From the original "Law & Order" with Jerry Orbach, S Epatha Merkerson, and Sam Waterston, Wolf developed "Law & Order: Special Victims Unit," with Mariska Hargitay and Christopher Meloni, the short-lived "Law & Order: Trial by Jury" with Bebe Neuwirth and Kirk Acevedo, and "Law & Order: Criminal Intent" with Vincent D'Onofrio. When the original "Law & Order" went off the air after 20 seasons, "Law & Order: LA" starring Alfred Molina, Skeet Ulrich and Terrence Howard replaced it for a season.
Twenty-two years after the original series debuted, its spin-off "Law & Order: SVU" and the international versions including "Law & Order: UK" continue to thrive. His work has won him two Emmy Awards, as well as a Grammy for "When You're Strange," a documentary on the Doors. Wolf has been involved in the casting process from the early days of his career, and the Casting Society of America is honoring him with a 2011 Career Achievement Artios Award.
As a producer and creator, how involved are you in the casting process?
Dick Wolf: I am very involved in all principal casting for my shows. I work very closely with [casting director] Lynn Kressel and her team, as well as the network and studio executives. I consider principal casting to be extremely important. The proper casting can make or break a show.
What do you expect from actors at the audition? Besides coming in prepared and knowing their lines, are there other things they should do?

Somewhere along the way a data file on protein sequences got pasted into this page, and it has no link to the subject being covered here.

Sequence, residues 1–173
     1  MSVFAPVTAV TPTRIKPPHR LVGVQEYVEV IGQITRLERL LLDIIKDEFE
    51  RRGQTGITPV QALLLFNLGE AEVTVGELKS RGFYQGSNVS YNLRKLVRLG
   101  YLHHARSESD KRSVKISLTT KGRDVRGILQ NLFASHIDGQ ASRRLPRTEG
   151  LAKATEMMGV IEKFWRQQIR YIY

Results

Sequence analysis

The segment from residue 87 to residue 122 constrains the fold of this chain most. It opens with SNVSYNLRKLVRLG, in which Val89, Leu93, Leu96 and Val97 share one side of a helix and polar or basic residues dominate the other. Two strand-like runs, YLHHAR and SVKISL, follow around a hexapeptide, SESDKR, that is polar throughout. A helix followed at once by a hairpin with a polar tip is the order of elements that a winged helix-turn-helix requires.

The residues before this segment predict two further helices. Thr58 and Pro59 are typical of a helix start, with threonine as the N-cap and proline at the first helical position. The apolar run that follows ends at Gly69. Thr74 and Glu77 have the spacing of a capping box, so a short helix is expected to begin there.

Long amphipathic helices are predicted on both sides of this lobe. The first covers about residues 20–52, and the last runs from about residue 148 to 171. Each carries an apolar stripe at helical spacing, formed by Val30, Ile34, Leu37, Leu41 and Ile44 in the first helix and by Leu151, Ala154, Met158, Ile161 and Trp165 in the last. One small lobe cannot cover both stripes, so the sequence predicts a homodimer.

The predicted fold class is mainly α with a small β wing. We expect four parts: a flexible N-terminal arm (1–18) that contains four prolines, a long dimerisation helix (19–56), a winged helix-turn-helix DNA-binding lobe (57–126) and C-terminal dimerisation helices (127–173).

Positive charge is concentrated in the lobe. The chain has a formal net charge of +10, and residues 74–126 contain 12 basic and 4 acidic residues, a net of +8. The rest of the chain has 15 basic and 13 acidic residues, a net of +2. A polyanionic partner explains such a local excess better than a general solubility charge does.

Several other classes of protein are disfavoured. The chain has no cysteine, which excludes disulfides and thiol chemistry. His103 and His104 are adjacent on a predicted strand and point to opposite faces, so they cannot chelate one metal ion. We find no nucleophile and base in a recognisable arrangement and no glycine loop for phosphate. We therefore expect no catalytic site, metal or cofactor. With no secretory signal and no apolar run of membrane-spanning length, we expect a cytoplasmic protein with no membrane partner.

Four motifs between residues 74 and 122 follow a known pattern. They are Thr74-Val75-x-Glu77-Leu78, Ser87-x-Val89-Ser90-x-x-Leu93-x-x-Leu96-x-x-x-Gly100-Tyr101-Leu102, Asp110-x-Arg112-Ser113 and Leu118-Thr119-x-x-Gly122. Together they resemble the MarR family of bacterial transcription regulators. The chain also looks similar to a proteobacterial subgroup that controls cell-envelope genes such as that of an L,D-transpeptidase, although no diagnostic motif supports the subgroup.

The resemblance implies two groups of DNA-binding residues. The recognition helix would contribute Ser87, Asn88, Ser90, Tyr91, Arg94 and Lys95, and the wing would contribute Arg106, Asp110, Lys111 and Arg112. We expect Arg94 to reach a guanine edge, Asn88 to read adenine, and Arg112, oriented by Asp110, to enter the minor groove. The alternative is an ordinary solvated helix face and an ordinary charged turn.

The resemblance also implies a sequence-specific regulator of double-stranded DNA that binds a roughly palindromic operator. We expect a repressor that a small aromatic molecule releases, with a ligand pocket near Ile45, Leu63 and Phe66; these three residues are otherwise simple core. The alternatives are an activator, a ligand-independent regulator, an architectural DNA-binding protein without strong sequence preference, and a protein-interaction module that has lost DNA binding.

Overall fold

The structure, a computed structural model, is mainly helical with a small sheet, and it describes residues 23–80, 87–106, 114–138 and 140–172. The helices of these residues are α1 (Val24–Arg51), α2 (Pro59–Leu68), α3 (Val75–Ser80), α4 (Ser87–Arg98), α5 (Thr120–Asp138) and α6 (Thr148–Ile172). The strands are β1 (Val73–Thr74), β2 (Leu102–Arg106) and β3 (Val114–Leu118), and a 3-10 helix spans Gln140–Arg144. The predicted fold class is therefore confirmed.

Wolf: I want actors to understand the character they are playing and to show some depth in their reading, and of course to be prepared.
When you do casting calls, are you set with something in mind or are you open to someone completely the opposite of what you had in mind?
Wolf: I try to keep an open mind when casting, and there are many factors in the decision. Sometimes it's physical appearance—do you believe that this person could be the character. Sometimes we will look at people more than once, or we feel the actor might have been nervous or not 100 percent, and we give them another shot. So the short answer, is we are as open as possible. Sometimes the person you least expect [to] is the one that nails the audition.
Do celebrities come to you because your shows give them the opportunity to do things they normally wouldn't—for example, Martin Short and Jennifer Love Hewitt? Do you create roles specifically for them?
Wolf: Sometimes we have actors playing against type. "SVU" tends to attract incredible guest talent because the roles are so intense. And we have been very lucky: For six years in a row, "SVU" has won the Outstanding Guest Actress in a Drama Series Emmy. And for many of those actors, they were definitely playing against type.
Does your advertising background influence your casting choices?
Wolf: My advertising background was a terrific foundation, and it gave me the ability to cast under pressure. When you have a client looking over your shoulder, you need to deliver an actor who can perform exactly the way the client wants. When you are casting a television series, you want that perfect fit, too.
The Casting Society of America will honor its own when the 27th Annual Artios Awards for excellence in casting are presented on Sept. 26. The awards will be held simultaneously at the Beverly Hilton in Los Angeles and at District 36 in New York City.